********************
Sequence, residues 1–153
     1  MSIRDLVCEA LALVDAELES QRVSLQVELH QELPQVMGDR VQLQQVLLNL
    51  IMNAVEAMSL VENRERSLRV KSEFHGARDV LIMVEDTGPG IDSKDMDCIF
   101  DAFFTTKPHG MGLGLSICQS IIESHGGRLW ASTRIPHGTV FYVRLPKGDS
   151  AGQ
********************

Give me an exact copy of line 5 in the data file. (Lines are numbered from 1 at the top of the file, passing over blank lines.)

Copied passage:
   151  AGQ